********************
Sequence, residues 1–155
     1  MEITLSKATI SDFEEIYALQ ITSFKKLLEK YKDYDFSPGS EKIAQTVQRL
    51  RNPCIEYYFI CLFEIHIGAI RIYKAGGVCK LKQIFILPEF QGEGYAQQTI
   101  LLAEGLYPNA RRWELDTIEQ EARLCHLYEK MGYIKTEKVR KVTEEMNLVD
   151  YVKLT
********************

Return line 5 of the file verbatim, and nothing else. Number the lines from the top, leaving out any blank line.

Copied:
   151  YVKLT